Resurrecting ‘Narnia’: Can Christians Save the Lion?

“Voyage of the Dawn Treader” courts churchgoers to reignite the stalled franchise

The prodigal movie franchise has returned.

After the second "Narnia" film disappointed at the box office in 2008, Fox and Walden Media are hoping that a targeted play for churchgoing audiences will make “The Chronicles of Narnia: Voyage of the Dawn Treader" a hit.

“We’ve gone back to doing faith outreach in a manner that is consistent with the first film,” David Weil, CEO of the Anschutz Film Group division of Walden Media, told TheWrap. “In the second film there was more of an effort to broaden the base and appeal to teenage boys. By doing that we lost some of our core and heartland audience.”

The consequence of that more action-heavy campaign was an almost 50 percent drop in receipts. Costing $225 million to make, "Prince Caspian" made $420 million worldwide.

“It’s no small endeavor to relaunch a series. The ship has probably sailed on the adult audience for ‘Narnia,’ but it still has brand appeal,” says Jeff Bock, a box office analyst with Exhibitor Relations.

In this case, Christian moviegoers may hold the key to getting the series back on track. Walden and its new partner Fox (stepping in for Disney, who left after the second movie faltered) are determined to win over the faith-based crowds they say helped make 2005’s “The Lion, The Witch & the Wardrobe” a $745 million worldwide smash.

That constituency is also credited with playing a pivotal role in the success of films such as "The Blind Side" and "The Passion of the Christ."

“What Fox has done is really take the Christian community seriously and make stong overtures to this group," says Philip Cooke, a media consultant focused on the Christian market, "Disney let that community wander away." 

Fox and Walden have been reaching out to faith-based communities directly or through third-party consultants. With the help of Christian consulting group Grace Hill Media, the studio launched several websites with taped messages from religious leaders such as Franklin Graham and articles about the movie’s theological underpinnings.

Visitors to the sites can scroll down through a list of topics such as “Talking to Your Kids About Aslan.” There are even outlines for sermons that draw on the film’s story and characters’ spiritual growth to explore biblical themes. Walden had launched a similar site for “The Lion, the Witch and the Wardrobe,” but jettisoned online faith outreach for “Prince Caspian.”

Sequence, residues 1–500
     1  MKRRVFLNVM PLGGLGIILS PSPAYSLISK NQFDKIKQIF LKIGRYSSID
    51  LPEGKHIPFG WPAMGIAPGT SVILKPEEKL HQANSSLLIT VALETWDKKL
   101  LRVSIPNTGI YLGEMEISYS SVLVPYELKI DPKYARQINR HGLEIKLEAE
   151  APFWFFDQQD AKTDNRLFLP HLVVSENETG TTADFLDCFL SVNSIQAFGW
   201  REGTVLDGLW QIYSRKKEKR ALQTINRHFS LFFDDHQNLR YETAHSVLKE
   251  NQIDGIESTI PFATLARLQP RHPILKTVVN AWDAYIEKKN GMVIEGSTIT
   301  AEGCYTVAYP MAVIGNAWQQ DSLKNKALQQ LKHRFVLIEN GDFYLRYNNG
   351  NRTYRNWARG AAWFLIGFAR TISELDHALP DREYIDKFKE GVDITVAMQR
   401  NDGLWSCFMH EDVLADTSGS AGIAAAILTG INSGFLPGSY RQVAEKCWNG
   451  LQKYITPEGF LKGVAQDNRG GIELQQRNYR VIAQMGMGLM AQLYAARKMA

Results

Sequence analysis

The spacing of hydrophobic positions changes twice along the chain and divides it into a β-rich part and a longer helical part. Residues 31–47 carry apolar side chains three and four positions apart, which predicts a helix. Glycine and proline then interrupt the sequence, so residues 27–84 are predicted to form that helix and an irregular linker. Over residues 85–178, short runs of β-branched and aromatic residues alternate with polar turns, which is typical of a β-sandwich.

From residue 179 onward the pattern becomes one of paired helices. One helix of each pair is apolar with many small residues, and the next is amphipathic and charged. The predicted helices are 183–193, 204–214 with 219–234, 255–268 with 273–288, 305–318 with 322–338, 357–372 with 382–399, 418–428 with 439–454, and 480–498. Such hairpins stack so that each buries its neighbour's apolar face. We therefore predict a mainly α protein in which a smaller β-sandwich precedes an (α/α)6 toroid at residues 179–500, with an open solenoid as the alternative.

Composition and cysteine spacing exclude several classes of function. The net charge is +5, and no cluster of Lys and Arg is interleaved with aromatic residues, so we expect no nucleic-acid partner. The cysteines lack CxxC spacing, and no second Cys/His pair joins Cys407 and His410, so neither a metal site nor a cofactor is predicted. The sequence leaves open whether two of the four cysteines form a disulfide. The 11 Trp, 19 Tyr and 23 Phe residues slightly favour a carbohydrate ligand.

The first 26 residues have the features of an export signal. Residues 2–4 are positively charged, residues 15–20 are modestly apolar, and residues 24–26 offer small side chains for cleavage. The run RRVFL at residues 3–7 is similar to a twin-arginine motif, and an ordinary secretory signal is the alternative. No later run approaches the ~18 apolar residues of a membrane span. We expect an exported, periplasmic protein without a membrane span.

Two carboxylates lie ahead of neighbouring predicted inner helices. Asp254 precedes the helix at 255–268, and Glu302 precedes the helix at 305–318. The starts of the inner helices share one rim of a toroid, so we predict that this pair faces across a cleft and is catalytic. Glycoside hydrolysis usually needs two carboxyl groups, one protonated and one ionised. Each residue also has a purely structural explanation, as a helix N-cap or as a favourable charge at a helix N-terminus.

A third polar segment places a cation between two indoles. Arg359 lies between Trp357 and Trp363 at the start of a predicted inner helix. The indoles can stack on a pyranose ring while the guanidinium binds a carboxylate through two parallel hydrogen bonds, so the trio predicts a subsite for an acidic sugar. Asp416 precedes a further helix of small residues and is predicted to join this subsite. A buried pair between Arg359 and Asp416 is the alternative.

Additionally, the studio has held screenings for the Christian community. In February the filmmakers had a summit with faith-based leaders on the Fox lot, where they were shown footage and told that “Dawn Treader” would be more faithful to the novel.

“The feedback we’ve received is that this film seems to be a return to core values expressed in the first film,” Weil said.

With that in mind, there is a renewed emphasis on Aslan (voiced by Liam Neeson), the Christ-like lion at the heart of the series. In both print and television advertisements, the leonine visage and Neeson’s resonant brogue are front and center.

“I’m sure that’s a strategic move. From a mythological level, [Aslan] carries a great deal of symbolism,” Cooke said.

Of course, there are hazards in making an explicit pitch for a religious crowd. In particular, filmmakers must thread the needle carefully lest they turn off secular moviegoers.

“It’s a fine line, because we want the film to be embraced by the Christian community, but we don’t want it to be overly religious and alienate those who want to experience it as an adventure story,” Weil said.

Analysts think that tightrope walk has worked so far for the film.

"There's a buzz out there that there wasn't with 'Prince Caspian.' When a film is done well and the word gets out about it, the faith community will show up," Bob Waliszewski, a media consultant with the Christian group Focus on the Family, told TheWrap.

Beyond the marketing, there have been other tweaks as well. Most importantly, the latest installment is a more economical epic. The studio kept the budget at $150 million, a $75 million cut from the last film’s price tag. That’s important because analysts predict a that “Dawn Treader” will be a “Prince Caspian” style double rather than a “The Lion, the Witch and the Wardrobe” home run. Currently, the film is expected to make roughly $35 to $40 million next weekend, on pace for a $140 million domestic haul.

The studio also deliberately repositioned “Dawn Treader” as a holiday release, scheduling the debut for roughly the same weekend that the first film dominated some five years ago. In contrast, “Prince Caspian” debuted in a summer season packed with tentpole films.

There are seven books in Lewis’ “Chronicles,” but if Walden and Fox fail to reignite the franchise, don’t look for a part four.

“They don’t want this to be the last film, but if a more focused advertising campaign doesn’t work, it will be,” Bock said.